• Use your Optical Zoom – most point and shoot digital cameras these days come with a zoom lens and all DSLRs are able to be fitted with one. Use them.
  • Use your Legs – most photographers have a built in zoom in the form of their legs. Don’t just rely upon your cameras zoom but actually position yourself effectively for close in shots.
  • Crop your Shots – the other option is to zoom in manually at home after you’ve taken your shots. This is a handy option to have but I personally prefer to use one of the first two options where I can because cropping shots later means if you want a large image that you’ll find that it becomes more pixelated. This is a good option if you’re just trimming shots but any major cropping will result in a loss of quality of your image.
6. The Importance of Focal Points
A focal point can be virtually anything ranging from a person, to a building, to a mountain, to a flower etc. Obviously the more interesting the focal point the better – but there are other things you can do to enhance it’s power including:
  • Position – Place it in a prominent position – you might want to start with the rule of thirds for some ideas.
  • Focus – Learn to use Depth of Field to blur out other aspects in front or behind your focal point.
  • Blur – If you really want to get tricky you might want to play with slower shutter speeds if your main subject is still and things around it are moving.
  • Size – making your focal point large is not the only way to make it prominent – but it definitely can help.
  • Color – using contrasting colors can also be a way of setting your point of interest apart from it’s surroundings.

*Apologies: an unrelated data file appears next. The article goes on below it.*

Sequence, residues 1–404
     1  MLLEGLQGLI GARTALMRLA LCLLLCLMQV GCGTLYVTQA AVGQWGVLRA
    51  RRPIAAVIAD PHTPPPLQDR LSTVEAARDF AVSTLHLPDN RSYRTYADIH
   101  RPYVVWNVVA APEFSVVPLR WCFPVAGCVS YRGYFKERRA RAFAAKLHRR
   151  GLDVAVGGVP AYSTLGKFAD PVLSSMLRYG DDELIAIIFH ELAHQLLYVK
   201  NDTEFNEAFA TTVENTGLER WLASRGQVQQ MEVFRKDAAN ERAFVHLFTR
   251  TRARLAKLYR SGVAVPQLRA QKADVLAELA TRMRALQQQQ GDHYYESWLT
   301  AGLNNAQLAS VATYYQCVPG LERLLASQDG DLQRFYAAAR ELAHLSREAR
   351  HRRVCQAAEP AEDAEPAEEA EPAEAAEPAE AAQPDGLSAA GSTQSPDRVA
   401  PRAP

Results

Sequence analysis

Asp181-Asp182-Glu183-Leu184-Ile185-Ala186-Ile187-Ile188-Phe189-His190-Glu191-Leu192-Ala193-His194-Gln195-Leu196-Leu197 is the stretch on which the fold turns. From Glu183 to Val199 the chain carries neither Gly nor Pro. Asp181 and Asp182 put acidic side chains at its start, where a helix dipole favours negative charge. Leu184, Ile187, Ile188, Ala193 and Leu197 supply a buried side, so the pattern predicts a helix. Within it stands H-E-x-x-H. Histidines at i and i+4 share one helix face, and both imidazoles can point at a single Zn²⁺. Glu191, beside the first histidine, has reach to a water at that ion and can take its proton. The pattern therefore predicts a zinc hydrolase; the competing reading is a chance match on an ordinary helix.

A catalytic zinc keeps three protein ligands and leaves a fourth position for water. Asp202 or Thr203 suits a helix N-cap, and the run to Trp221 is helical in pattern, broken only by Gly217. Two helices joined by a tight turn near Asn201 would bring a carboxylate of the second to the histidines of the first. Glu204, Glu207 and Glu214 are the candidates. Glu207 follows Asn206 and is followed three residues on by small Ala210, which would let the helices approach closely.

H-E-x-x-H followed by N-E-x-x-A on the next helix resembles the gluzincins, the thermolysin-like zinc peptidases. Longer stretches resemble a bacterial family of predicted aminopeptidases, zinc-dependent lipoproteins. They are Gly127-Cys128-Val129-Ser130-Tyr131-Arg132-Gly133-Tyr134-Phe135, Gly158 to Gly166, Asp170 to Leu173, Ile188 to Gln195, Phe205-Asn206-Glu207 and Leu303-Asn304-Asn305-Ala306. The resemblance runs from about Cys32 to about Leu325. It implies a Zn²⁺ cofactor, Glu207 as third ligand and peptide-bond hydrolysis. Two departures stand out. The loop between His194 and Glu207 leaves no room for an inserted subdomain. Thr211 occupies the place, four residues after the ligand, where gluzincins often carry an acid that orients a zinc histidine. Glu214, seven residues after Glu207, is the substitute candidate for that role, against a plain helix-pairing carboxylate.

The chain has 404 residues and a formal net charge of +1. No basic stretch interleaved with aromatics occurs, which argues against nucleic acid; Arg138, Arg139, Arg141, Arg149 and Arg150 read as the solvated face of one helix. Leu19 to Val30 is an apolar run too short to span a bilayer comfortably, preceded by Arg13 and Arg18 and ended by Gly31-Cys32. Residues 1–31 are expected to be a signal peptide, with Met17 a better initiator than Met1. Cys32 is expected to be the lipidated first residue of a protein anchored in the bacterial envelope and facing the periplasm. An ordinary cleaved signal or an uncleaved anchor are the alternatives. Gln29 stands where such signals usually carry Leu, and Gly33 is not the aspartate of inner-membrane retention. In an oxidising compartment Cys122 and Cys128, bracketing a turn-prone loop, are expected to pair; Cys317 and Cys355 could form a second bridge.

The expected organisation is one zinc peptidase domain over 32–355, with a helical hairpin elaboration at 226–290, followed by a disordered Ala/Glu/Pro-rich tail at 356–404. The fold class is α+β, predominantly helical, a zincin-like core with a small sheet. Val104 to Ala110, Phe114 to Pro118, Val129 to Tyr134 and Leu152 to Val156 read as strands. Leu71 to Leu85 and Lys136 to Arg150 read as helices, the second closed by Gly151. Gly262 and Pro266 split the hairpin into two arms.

• Shape – similarly contrasting shapes and textures can make a subject stand out – especially patterns that are repeated around a subject.
Keep in mind that a combination of above elements can work well together.
7. Creating Active Space – Photographing Moving Subjects
Some call the space in front of a moving subject the ‘active space‘ in a photograph. Alternatively the space behind your subject is often called ‘dead space’.
The reason that this compositional technique is used is that when someone views an image and spots that your subject is moving in a direction – their eye naturally moves in that direction too. It’s quite instinctive.
Working with the way your viewer will instinctively view your image helps to create balance, drama and anticipation in your shot.
8. Getting Backgrounds Right
Strategies for Dealing with Distracting Backgrounds
  • Move Your Subject
  • Using Focal Length to Blur Backgrounds
  • Place Subjects In front of Open Spaces
  • Fill your frame with your subject
  • Make your Own Background
9. Framing Your Shots
Framing is the technique of drawing attention to the subject of your image by blocking other parts of the image with something in the scene.
The benefits of framing pictures include:
  • giving the photo context
  • giving images a sense of depth and layers
  • leading the eye towards your main focal point
  • intriguing your viewer
10. How to Use Converging Lines to Enhance Your Photography
Tips Regarding Converging Lines
  • Experiment with Positioning
  • Wide Angle Lenses
  • Adding Interest at the Point of Convergence
11. How to Break the ‘Rules’ of Photography
Yes, we can break rules. In fact, do not rush to do so. Take, practice, and when you know all the rules of composition, start to really create - Take them to break.